Shortly after holding Attorney General Holder in contempt of Congress, the Committee filed a lawsuit demanding that Attorney General Holder deliver the documents requested in the subpoena. On September 30, 2013, U.S. District Court Judge Amy Berman rejected the Justice Department’s request to dismiss the Committee’s lawsuit.[3]
Why is this offense impeachable?
The failure by Attorney General Holder and the Justice Department to produce documents pursuant to a congressional subpoena is a violation of federal law (2 U.S.C. 192).
2 U.S.C. 192 states, in part:
Every person who having been summoned as a witness by the authority of either House of Congress to give testimony or to produce papers upon any matter under inquiry before . . . any committee of either House of Congress, willfully makes default . . . shall be deemed guilty of a misdemeanor, punishable by a fine of not more than $1,000 nor less than $100 and imprisonment in a common jail for not less than one month nor more than twelve months.[4]
Article II
Eric H. Holder, Jr., while Attorney General of the United States, and responsible for enforcing the laws of the United States regardless of personal bias, failed to enforce multiple laws, including the Defense of Marriage Act, the Controlled Substances Act, and the Anti-Drug Abuse Act of 1986.
Defense of Marriage Act
On February 23, 2011, Attorney General Holder released a statement saying that President Obama had concluded that Section 3 of the Defense of Marriage Act (DOMA), as applied to legally married same-sex couples, is unconstitutional. Consequently, President Obama instructed the Justice Department not to defend the statute. Attorney General Holder said that he agreed with President Obama and that the Justice Department would no longer defend the constitutionality of Section 3 of DOMA.[5]
Controlled Substances Act
On August 29, 2013, Attorney General Holder announced that the Justice Department would not enforce the Controlled Substances Act against entities that produce and distribute marijuana as a recreational drug as long as those entities operate within a “strong and effective” state regulatory system.[6]
Anti-Drug Abuse Act of 1986
On August 12, 2013, Attorney General Holder announced that the Justice Department would no longer pursue mandatory minimum sentences for certain low-level, nonviolent drug offenders. These mandatory minimum sentences are explicitly stated in statute and were passed by Congress in the Anti-Drug Abuse Act of 1986.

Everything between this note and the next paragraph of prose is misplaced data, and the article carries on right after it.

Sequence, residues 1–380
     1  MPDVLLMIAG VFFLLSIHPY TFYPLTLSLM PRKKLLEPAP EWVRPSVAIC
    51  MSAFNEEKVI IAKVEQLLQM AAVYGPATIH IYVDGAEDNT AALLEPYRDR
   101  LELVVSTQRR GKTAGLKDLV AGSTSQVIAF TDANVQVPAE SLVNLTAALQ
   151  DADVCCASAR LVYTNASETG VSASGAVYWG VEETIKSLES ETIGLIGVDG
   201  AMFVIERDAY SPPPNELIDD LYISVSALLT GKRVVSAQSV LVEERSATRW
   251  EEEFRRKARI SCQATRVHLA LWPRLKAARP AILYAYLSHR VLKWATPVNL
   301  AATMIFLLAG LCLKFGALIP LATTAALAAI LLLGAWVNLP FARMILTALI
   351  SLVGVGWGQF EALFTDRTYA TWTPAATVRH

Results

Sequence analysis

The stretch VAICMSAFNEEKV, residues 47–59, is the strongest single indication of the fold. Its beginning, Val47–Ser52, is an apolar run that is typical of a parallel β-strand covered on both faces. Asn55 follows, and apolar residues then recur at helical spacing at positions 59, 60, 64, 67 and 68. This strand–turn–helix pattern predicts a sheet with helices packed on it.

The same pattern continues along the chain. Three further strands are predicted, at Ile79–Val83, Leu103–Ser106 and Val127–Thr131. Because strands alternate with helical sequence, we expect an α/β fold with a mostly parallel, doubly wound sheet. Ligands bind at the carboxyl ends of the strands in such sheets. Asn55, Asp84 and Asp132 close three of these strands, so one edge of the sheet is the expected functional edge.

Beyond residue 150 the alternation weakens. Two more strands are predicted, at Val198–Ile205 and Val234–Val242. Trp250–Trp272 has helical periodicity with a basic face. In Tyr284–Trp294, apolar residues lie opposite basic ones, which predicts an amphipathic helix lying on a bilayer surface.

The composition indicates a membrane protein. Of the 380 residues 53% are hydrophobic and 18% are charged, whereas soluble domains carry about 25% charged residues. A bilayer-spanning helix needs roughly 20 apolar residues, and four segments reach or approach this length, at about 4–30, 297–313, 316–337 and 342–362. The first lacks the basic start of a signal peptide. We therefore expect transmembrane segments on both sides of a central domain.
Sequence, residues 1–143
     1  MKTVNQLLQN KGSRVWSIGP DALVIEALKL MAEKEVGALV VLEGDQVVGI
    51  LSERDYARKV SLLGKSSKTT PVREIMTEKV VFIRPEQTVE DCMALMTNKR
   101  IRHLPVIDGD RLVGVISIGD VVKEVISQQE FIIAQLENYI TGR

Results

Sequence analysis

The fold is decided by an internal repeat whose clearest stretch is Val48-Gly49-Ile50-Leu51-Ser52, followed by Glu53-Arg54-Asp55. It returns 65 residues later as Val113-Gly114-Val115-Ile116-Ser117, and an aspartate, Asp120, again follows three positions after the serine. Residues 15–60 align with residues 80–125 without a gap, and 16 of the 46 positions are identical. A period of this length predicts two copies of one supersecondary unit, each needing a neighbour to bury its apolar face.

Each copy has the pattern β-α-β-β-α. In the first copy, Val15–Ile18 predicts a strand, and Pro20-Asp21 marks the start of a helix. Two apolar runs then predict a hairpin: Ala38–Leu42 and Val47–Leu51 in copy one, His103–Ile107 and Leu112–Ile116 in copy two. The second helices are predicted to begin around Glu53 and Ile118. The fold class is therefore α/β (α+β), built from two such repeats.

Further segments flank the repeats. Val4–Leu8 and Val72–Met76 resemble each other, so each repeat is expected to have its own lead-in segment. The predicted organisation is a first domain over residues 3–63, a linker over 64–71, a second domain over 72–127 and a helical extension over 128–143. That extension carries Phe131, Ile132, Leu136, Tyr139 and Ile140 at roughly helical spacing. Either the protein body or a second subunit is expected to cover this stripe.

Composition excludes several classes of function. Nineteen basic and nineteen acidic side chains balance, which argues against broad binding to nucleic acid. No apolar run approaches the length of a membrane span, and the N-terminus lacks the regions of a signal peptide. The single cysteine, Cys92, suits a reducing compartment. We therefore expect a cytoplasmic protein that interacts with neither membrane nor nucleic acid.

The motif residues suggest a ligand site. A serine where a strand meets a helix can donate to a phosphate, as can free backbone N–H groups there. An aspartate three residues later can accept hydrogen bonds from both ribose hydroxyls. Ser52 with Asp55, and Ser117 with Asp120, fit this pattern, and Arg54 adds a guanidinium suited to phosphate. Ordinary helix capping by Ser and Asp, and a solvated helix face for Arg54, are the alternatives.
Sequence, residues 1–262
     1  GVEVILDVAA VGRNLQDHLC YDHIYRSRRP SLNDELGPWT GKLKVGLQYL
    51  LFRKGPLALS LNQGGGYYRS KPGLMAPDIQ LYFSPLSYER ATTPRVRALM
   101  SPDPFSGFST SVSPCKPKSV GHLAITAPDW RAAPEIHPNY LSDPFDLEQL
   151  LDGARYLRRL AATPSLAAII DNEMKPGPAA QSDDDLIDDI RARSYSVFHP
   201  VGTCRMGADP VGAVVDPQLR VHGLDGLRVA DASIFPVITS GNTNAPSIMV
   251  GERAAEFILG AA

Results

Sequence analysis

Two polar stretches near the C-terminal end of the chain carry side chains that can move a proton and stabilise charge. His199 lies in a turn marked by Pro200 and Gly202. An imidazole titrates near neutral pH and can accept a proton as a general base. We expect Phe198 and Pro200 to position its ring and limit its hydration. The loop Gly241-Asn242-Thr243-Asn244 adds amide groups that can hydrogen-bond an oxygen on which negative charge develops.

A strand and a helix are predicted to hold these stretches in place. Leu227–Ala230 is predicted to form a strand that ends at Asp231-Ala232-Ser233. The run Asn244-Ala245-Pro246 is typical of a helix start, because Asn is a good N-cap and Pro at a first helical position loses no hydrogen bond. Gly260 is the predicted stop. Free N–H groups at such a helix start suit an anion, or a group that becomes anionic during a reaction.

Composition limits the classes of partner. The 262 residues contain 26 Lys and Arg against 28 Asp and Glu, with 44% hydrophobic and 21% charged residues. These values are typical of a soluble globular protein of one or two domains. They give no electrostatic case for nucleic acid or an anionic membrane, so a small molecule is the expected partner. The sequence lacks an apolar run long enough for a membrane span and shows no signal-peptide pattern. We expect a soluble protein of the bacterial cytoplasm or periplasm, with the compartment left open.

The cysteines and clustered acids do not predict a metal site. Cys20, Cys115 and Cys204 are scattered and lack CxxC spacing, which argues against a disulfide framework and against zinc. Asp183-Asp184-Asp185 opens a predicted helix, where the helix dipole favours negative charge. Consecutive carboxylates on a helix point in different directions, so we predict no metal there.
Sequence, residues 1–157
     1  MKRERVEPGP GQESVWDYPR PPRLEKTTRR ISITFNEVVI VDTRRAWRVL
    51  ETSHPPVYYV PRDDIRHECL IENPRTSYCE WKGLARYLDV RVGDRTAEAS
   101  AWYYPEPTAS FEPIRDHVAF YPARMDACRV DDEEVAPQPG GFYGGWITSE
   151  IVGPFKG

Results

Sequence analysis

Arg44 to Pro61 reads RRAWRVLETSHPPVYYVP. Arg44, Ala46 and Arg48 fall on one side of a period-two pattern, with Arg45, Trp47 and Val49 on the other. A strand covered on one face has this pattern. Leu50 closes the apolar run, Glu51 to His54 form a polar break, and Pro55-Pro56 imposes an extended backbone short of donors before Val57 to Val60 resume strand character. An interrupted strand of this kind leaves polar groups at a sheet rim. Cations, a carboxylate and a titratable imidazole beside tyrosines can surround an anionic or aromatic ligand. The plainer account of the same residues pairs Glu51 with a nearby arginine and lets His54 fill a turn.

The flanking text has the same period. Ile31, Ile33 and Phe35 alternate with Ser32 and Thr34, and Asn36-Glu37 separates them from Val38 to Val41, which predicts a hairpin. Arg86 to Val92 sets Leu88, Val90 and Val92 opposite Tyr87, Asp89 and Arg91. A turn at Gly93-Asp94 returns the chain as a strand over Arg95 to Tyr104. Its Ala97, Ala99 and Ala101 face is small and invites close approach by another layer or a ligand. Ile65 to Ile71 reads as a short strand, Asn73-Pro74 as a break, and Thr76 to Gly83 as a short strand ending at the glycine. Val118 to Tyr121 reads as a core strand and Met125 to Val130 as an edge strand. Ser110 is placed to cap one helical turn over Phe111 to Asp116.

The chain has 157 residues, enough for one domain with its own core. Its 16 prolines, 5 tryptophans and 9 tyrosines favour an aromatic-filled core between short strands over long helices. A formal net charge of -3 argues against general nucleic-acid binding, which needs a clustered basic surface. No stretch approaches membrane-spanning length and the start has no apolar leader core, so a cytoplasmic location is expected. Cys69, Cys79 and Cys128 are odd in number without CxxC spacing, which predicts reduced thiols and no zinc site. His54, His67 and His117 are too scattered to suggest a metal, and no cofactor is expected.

Failure to enforce the law
As the chief law enforcement officer for the Federal Government, Attorney General Holder is tasked with carrying out the laws of the land as passed by Congress. States are challenging federal law, and Attorney General Holder does not have the authority to unilaterally decide that certain laws will not be enforced. If the Administration wants to change the law, it should ask Congress to amend it. Only the Supreme Court can deem laws unconstitutional.
Why is this offense impeachable?
Attorney General Holder has failed to carry out the mission of Justice Department, which is “to enforce the law and defend the interests of the United States according to the law….and to ensure fair and impartial administration of justice for all Americans.”[7] By refusing to enforce laws passed by Congress, Attorney General Holder has violated the oath he took when he was sworn in as the 82nd Attorney General of the United States on February 3, 2009. This oath, sworn by every elected or appointed official in the US civil or uniformed services, reads:
“I, [name], do solemnly swear (or affirm) that I will support and defend the Constitution of the United States against all enemies, foreign and domestic; that I will bear true faith and allegiance to the same; that I take this obligation freely, without any mental reservation or purpose of evasion; and that I will well and faithfully discharge the duties of the office on which I am about to enter. So help me God.”[8]
Article III
Eric H. Holder, Jr. while Attorney General of the United States, has failed in his oath of office by refusing to prosecute individuals involved in the Internal Revenue Service scandal of unauthorized disclosure of tax records belonging to political donors.
Failure to Prosecute IRS Officials
According to Treasury Inspector General for Tax Administration (TIGTA) J. Russell George, his office identified one case of “willful unauthorized access” to tax records belonging to political donors or candidates. TIGTA referred this case to the Justice Department, but “the case was declined for prosecution.”[9]